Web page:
- Repentance, submission to YHVH and righteousness are essential. This means we are to humble ourselves before YHVH. Fasting and repentance is a way to do this.
- We are to make our requests according to YHVH’s will. His will is found in His word, we are not to petition YHVH for anything contrary to His word.
- We are also not to petition YHVH based on greedy, fleshly desires
- We are to accept and believe that YHVH will help us with thanksgiving. It is faith to be able to praise YHVH for what He will do.
We need to prepare beforehand. It is good to pray about your situation beforehand and ask YHVH to reveal to you anything that may hinder, like unrepented sin or anything else.
We can fast as part of our preparation like Esther did. We have written an article about why and how to fast if you are interested in learning more about this practice.
Another part of our preparation is to ascertain if our request is in accordance to YHVH’s will. We will find that answer in scripture. We are to search our hearts to make sure our desires are not motivated by greed or our flesh. When we have done all this, we are ready to write the petition.
We can start the petition by addressing YHVH, acknowledging Him as the Elohim of Abraham, Isaac and Jacob, the Creator of the Heavens and earth, the King of the universe. Also, we know we can come into His presence through Y’shua.
14 Therefore, since we have a great cohen gadol who has passed through to the highest heaven, Yeshua, the Son of Elohim, let us hold firmly to what we acknowledge as true. 15 For we do not have a cohen gadol unable to empathize with our weaknesses; since in every respect he was tempted just as we are, the only difference being that he did not sin. 16 Therefore, let us confidently approach the throne from which Elohim gives grace, so that we may receive mercy and find grace in our time of need. (Complete Jewish Bible)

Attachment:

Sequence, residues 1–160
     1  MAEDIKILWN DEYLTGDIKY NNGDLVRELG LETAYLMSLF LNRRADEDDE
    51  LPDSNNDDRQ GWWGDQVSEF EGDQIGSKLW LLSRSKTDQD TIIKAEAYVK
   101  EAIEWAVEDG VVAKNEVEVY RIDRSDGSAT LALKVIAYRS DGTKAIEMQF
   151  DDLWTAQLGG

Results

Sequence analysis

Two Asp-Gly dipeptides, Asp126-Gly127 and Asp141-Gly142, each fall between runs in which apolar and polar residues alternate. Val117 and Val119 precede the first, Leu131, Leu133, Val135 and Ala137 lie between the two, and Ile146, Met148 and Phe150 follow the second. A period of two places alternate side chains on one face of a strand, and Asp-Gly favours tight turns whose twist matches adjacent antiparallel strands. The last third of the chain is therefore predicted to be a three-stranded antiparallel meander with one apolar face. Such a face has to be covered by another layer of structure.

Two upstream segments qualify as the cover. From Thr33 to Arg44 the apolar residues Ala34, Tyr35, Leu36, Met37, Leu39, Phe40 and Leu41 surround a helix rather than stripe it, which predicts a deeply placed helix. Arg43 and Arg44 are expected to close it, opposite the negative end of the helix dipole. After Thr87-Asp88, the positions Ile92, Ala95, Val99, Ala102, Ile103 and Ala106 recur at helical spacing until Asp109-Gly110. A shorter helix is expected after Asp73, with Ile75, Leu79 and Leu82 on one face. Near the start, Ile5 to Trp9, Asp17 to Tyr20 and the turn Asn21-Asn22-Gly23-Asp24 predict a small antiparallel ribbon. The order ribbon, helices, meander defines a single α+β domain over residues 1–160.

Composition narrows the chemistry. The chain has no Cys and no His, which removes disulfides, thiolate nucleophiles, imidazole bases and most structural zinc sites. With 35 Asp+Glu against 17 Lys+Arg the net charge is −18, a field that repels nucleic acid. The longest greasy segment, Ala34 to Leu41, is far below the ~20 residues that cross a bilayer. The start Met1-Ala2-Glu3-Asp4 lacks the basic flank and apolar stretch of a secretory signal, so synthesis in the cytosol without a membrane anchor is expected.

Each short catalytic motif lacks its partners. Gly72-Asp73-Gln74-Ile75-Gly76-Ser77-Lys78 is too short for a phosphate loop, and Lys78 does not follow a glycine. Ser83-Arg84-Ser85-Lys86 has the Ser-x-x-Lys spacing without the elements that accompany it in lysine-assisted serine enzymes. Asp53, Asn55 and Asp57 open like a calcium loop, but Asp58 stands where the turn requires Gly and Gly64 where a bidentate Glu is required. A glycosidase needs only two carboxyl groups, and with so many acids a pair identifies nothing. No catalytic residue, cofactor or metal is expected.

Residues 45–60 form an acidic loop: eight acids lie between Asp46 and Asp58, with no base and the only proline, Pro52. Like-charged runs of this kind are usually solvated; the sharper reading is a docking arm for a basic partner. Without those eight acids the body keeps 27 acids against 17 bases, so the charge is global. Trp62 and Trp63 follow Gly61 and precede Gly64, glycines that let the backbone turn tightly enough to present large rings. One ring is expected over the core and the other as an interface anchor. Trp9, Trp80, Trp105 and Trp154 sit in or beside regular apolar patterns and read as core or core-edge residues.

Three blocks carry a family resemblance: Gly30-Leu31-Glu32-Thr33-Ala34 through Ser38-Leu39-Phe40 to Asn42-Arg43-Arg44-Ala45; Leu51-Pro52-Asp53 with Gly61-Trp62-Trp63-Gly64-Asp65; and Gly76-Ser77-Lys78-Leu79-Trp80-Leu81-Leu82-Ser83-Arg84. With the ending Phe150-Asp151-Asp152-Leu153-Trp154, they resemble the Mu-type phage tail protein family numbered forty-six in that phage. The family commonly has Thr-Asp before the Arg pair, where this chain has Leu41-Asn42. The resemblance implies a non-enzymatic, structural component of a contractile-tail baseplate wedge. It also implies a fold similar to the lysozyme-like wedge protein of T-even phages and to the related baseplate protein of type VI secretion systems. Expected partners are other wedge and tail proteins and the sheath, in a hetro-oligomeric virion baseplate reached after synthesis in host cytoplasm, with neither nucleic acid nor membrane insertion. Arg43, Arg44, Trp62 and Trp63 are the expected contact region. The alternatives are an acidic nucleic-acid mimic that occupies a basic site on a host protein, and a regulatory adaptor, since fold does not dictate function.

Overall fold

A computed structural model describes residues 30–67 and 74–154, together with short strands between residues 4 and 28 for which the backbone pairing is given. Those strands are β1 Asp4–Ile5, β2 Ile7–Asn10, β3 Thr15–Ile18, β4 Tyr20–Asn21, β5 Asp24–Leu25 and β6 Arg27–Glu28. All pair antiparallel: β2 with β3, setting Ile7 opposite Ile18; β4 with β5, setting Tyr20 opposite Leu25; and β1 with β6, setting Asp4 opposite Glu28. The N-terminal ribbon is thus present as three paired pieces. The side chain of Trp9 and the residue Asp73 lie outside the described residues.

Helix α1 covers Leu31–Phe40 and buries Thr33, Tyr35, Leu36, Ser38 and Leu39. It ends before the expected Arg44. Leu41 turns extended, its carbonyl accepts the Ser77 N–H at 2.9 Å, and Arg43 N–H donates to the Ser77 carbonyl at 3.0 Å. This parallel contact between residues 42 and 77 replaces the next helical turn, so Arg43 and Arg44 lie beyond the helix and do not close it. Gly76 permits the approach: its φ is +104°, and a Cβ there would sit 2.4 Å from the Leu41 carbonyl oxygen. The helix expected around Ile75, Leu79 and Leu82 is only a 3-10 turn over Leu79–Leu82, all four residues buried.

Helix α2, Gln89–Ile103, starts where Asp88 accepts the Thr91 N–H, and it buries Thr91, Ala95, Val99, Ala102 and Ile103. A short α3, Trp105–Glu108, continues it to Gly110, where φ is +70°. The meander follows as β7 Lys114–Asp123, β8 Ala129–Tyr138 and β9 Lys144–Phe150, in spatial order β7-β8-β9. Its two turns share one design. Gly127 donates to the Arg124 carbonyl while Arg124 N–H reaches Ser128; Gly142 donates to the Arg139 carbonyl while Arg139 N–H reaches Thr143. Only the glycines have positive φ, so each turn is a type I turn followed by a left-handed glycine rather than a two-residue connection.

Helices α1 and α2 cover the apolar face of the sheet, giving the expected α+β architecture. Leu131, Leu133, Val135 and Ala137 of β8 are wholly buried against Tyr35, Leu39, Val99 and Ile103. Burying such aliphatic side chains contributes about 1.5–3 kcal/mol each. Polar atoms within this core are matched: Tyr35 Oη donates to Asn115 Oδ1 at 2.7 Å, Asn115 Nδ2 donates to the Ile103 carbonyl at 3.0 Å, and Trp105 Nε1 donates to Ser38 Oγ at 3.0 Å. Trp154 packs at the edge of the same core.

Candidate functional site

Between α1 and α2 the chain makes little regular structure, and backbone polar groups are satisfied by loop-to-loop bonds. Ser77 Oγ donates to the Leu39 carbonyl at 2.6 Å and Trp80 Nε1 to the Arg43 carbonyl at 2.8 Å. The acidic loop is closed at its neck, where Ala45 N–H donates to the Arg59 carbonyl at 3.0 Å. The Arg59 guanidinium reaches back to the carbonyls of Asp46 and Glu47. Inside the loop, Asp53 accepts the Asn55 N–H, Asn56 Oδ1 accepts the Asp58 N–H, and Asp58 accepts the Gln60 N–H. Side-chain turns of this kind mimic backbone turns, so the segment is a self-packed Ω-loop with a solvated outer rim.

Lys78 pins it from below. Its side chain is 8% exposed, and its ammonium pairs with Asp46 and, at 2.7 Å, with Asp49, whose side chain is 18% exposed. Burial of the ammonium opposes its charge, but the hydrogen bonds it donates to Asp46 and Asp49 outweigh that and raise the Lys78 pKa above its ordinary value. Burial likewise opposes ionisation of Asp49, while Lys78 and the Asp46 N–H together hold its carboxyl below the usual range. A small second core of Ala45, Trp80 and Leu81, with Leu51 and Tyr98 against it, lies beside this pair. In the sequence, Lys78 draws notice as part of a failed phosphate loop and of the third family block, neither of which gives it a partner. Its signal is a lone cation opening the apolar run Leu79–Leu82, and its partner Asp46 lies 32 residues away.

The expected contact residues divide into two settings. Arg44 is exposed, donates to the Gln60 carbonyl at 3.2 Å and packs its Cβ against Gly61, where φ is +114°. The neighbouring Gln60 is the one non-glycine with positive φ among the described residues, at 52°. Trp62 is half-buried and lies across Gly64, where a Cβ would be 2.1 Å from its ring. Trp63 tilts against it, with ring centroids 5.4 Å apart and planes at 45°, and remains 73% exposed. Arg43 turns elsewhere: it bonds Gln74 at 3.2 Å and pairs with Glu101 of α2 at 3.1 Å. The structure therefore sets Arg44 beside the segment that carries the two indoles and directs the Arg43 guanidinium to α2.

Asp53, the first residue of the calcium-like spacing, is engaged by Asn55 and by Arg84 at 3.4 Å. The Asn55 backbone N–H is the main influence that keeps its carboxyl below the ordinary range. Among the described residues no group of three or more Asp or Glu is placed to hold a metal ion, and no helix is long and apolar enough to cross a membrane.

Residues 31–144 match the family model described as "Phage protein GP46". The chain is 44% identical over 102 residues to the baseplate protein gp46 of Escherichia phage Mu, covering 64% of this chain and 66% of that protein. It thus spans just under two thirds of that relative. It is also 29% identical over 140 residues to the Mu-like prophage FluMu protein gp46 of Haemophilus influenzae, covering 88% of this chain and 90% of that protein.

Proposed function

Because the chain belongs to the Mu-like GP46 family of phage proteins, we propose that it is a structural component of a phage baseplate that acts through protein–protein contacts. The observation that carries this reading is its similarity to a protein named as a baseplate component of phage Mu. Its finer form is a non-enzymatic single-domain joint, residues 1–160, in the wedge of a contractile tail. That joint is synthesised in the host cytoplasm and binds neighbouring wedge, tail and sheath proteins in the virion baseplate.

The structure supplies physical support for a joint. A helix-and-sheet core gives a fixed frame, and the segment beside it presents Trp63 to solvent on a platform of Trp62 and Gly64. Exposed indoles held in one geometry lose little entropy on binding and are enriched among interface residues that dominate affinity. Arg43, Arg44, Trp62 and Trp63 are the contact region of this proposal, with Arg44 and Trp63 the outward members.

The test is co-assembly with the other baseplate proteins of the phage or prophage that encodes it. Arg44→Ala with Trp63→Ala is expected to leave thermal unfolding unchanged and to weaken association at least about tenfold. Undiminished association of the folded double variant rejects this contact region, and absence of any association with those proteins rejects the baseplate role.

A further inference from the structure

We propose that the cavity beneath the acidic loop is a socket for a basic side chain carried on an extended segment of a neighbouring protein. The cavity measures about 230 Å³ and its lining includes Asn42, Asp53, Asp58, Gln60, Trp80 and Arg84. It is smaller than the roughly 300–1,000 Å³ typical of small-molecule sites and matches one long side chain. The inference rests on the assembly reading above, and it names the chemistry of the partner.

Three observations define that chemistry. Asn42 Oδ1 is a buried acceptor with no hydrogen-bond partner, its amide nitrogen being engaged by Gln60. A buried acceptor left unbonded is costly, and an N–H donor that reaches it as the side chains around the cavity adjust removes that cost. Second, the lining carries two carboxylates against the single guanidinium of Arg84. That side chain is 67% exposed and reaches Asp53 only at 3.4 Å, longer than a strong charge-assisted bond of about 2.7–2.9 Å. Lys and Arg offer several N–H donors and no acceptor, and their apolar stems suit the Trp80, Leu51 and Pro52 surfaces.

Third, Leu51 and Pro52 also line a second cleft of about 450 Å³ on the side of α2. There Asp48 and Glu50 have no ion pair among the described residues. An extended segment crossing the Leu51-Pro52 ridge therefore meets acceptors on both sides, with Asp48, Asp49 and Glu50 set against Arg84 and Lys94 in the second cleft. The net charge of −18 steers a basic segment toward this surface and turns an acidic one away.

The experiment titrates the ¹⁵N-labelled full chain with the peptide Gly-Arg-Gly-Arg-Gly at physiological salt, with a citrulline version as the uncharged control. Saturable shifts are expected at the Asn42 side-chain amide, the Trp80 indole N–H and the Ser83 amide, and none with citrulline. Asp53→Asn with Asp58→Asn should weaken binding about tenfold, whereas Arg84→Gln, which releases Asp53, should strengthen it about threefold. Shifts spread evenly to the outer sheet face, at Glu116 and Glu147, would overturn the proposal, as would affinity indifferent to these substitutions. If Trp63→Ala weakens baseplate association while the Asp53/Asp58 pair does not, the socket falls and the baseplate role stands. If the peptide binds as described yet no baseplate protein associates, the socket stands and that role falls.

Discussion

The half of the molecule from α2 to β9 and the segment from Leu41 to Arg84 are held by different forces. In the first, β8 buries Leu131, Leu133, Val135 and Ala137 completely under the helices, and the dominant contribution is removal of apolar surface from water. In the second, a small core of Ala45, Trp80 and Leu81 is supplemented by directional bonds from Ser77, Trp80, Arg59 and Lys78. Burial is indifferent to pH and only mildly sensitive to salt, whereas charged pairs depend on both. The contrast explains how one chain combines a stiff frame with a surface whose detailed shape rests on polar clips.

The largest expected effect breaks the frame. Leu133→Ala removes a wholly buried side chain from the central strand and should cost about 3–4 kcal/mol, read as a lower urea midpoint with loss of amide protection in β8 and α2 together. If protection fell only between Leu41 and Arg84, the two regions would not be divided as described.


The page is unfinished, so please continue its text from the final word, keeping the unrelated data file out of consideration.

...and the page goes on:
We are to put all our trust and hope in YHVH. We as YHVH’s children are in a covenant relationship with Him. Obedience to YHVH is required of us. We may and will fail, but can ask for forgiveness and will receive it.
1 Therefore there is now no condemnation for those who are in Messiah Y’shua.
We are to repent of any sin we know of or have been made aware of that may hinder YHVH’s deliverance from whatever we struggle with. Confession of sin is important, and in detail because satan is a legalist and will remind us of any unconfessed sins.
After confessing our sin, we can humbly put our request to YHVH and thank Him for giving or doing to us according to His will. YHVH knows best and will answer us according to what is best for us. You can add related quotes of scripture to your petition and proclaim the truth of it. It builds our faith and reaffirm YHVH’s truth in our minds.
Make sure you date the document and you can even sign it if you want. This is great to keep to refer back to later.
I have to add that this. This is not a formula. YHVH is not manipulated by us. We do this in order to structure our thoughts and as a record for ourselves. YHVH will do to us according to His will. Anyway, that is the best for us even if it is contrary to what we want. We are to delight ourselves in Him and He will give us the desires of our heart.
4 Delight yourself in YHVH; And He will give you the desires (petitions) of your heart.
If we delight ourselves in YHVH and seek first His kingdom, our desires will be according to His will and He will grant our petitions.
- All quoted passages are from the New American Standard Bible: 1995 Update. LaHabra, CA: The Lockman Foundation, 1995. We have substituted YHVH for LORD, and Y’shua for Jesus
- Harris, W. R. (1979–1988). Petition. In G. W. Bromiley (Ed.), The International Standard Bible Encyclopedia, Revised (Vol. 3, p. 819). Wm. B. Eerdmans.
- Louw, J. P., & Nida, E. A. (1996). Greek-English lexicon of the New Testament: based on semantic domains (electronic ed. of the 2nd edition., Vol. 1, p. 407). New York: United Bible Societies.